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The straight poop on disposable diapers, from cloth alternatives to a recyclable future





Waves of Change is a CBC series exploring the single-use plastic we’re discarding, and why we need to clean up our act. You can be part of the community discussion by joining our Facebook group.    

The memory of a maternity ward nurse showing me how to wrap a tiny diaper around my newborn daughter seems almost laughable to me now. It seemed such an intimidating task.

Fast forward two years, and I feel as though I have gone through those motions thousands of times.

In fact, I have. If one baby averages five diaper changes a day, that’s 1,825 changes a year, and 4,563 changes by the time they reach 2½ years old and are (fingers crossed) in the throes of toilet training.

Joe Schwarcz has compared disposable and reusable diapers as part of his research at McGill University. (Submitted by Joe Schwarcz)

Multiply 1,825 changes each year by all the babies and toddlers out there, and the result is a soggy, stinky mountain of diapers.

“The volume is fantastic,” says Joe Schwarcz, a professor of chemistry and director of McGill University’s Office for Science and Society.

“We’re disposing something like 30 to 40 billion diapers every year into landfills in North America. That’s a huge amount of diapers.”

It’s also a huge problem for a society coming to terms with its single-use plastic dependency.

The bad news? Babies haven’t stopped pooping. The good news? Adults haven’t stopped innovating.

The diaper breakdown

Disposable diapers have come a long way since they were first invented in the late 1940s, and the modern-day product is “actually quite an interesting and complex concoction,” said Schwarcz.

Its outer layer is typically a plastic — polypropylene or polyethylene — while its inner layers often contain an absorbent fibre derived from wood pulp. But the real star of the show, according to Schwarcz, is what’s mixed in with that fibre: a polymer called sodium polyacrylate, “which just has an amazing ability to absorb moisture.”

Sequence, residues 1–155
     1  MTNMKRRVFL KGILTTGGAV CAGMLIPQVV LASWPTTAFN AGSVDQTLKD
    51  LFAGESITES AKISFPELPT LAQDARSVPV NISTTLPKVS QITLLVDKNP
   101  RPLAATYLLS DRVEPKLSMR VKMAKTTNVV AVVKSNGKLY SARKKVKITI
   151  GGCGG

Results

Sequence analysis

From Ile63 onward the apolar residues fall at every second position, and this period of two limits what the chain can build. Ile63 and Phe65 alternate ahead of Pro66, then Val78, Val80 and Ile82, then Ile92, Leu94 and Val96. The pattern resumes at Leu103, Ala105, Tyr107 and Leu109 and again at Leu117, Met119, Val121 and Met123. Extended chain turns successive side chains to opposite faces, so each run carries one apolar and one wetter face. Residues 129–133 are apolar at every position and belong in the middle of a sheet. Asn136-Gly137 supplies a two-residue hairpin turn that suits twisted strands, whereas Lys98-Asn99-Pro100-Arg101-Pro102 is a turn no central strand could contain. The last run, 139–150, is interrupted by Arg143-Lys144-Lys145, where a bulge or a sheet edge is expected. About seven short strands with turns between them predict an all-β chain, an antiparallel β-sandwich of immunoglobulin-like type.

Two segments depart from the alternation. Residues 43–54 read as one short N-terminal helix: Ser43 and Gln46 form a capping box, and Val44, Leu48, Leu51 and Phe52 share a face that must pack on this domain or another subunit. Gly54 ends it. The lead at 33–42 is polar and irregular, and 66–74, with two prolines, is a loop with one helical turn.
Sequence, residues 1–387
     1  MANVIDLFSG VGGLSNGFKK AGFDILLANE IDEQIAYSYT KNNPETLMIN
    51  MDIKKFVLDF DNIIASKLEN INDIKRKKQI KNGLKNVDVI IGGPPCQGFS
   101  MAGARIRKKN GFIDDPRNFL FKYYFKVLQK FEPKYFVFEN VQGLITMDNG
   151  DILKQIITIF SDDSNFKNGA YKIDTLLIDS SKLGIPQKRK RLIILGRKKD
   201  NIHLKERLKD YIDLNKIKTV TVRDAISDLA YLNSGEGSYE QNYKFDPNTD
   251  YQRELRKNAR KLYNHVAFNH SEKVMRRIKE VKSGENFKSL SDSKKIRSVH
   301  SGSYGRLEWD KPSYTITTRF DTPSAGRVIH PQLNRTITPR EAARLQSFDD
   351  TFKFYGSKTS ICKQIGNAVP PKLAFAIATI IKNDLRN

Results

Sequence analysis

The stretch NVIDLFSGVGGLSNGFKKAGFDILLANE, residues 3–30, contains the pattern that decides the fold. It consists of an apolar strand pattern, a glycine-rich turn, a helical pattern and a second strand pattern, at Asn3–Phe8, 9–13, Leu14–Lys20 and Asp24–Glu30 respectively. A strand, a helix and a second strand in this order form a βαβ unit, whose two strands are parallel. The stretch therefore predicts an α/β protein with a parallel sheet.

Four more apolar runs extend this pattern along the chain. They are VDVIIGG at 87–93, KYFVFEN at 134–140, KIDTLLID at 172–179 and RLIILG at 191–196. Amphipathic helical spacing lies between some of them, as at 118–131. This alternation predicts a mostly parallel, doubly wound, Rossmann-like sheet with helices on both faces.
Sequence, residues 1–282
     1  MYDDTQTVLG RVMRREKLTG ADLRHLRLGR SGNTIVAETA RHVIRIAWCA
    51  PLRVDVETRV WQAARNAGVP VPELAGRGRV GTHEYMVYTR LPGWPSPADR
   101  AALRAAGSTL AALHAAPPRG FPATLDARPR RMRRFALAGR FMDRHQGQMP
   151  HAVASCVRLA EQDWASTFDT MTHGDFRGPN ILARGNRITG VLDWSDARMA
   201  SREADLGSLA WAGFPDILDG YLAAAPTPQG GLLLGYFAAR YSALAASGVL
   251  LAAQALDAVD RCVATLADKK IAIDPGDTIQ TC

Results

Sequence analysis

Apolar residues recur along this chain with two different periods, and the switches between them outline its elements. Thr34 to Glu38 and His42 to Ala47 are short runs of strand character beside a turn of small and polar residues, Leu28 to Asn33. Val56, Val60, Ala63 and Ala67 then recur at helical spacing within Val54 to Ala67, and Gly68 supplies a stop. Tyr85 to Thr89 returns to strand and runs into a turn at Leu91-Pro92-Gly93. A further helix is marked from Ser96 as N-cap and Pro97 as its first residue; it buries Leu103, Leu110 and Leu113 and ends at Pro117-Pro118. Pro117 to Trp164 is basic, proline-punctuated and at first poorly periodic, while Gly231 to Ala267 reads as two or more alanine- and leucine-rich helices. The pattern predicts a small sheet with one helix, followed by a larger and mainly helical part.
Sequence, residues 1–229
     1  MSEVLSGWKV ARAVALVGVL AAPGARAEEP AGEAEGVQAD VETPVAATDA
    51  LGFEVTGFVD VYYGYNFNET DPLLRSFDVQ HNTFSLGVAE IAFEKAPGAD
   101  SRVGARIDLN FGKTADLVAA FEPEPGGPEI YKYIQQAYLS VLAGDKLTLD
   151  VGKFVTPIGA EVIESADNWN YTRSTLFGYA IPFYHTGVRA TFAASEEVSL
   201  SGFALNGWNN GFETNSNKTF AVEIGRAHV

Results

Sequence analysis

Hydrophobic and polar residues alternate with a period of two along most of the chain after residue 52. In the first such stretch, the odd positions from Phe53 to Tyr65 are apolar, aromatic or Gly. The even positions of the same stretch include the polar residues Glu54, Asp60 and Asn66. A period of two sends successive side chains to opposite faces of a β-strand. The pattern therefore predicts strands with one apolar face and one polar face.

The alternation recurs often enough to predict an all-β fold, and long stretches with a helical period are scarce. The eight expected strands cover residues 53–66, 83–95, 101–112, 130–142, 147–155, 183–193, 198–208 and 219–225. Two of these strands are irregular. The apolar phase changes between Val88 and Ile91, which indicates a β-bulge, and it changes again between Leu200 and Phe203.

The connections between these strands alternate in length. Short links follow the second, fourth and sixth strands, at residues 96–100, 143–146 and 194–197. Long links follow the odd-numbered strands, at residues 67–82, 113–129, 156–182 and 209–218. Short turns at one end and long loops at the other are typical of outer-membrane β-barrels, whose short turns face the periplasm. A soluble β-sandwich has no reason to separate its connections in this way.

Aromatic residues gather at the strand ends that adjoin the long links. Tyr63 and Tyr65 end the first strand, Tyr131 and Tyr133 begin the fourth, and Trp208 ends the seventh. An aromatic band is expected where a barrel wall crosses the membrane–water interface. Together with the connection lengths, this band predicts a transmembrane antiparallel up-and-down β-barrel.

Because of a lack of oxygen, even the fibrous parts of these disposables stand little chance of biodegrading in a landfill. (Lindsay Bird/CBC)

Exact formulations of these plastics and polymers are tightly guarded trade secrets in a competitive and lucrative industry, but they share a common fate: once disposables are sent to the landfill, they stay there.

“In theory, there are biodegradable parts [of diapers],” said Schwarcz. “But the fact is that biodegradation takes place only under perfect conditions, not in a landfill.” 

Building a better diaper

To the diaper industry’s credit, companies have worked to reduce the amount of non-perishable material they use.

One study — conducted by Procter & Gamble, the makers of Pampers, but verified by what they called “external experts” — stated that the company’s average American diaper in 2010 weighed 45 per cent less than its 1992 version.

But that same study found innovation slowed from 2007 onward, saying “it is hard to make a small diaper smaller.” 

For all their efforts to reduce their products’ environmental footprints, the Pampers study and others concluded the majority of a disposable’s environmental footprint comes from its creation rather than its landfill afterlife, as is commonly believed.

“Used diaper waste causes caregivers concern because they see much of it,” stated the Pampers study.

Disposables ‘a kick in the teeth’

That’s a concern Heather Osmond can relate to.

The cost savings initially attracted the Corner Brook, N.L., mom and her husband to try cloth diapering their son Nolan, after using disposables when he was born and realizing the legacy that would leave behind.

Nolan Osmond wore nothing but cloth diapers from the time he was about 10 weeks to age 3½. (Submitted by Heather Osmond)

“My child’s diapers would literally be here longer than my great-great-grandchildren,” said Osmond. “It was almost a kick in the teeth to realize how long our garbage was going to be sitting around.”

Osmond threw herself into reusables, using them exclusively until Nolan was fully toilet trained at around 3½ years old.

“His diapers that started at the very, very beginning with him being 10 weeks old lasted him right up until potty training. That was amazing,” she said.

Cloth pros and cons

Osmond diverted thousands of diapers from landfill.

Elsewhere in Canada there efforts to promote reusables: several Quebec municipalities now offer cloth diaper subsidies, aiming to win over more parents.

But that doesn’t mean cloth is the clear environmental winner overall in the diaper debate.

Cotton, the most popular source material for cloth diapers, requires immense amounts of water and chemicals to produce. Schwarcz estimated cotton soaks up 25 per cent of the world’s insecticide use despite being grown on just three per cent of its arable land.

Then there is the laundry issue. It can take a lot to get a cloth diaper clean — hot water cycles, sometimes in duplicate for the heaviest soiled loads — not to mention the amount of time the absorbent pads require in a dryer.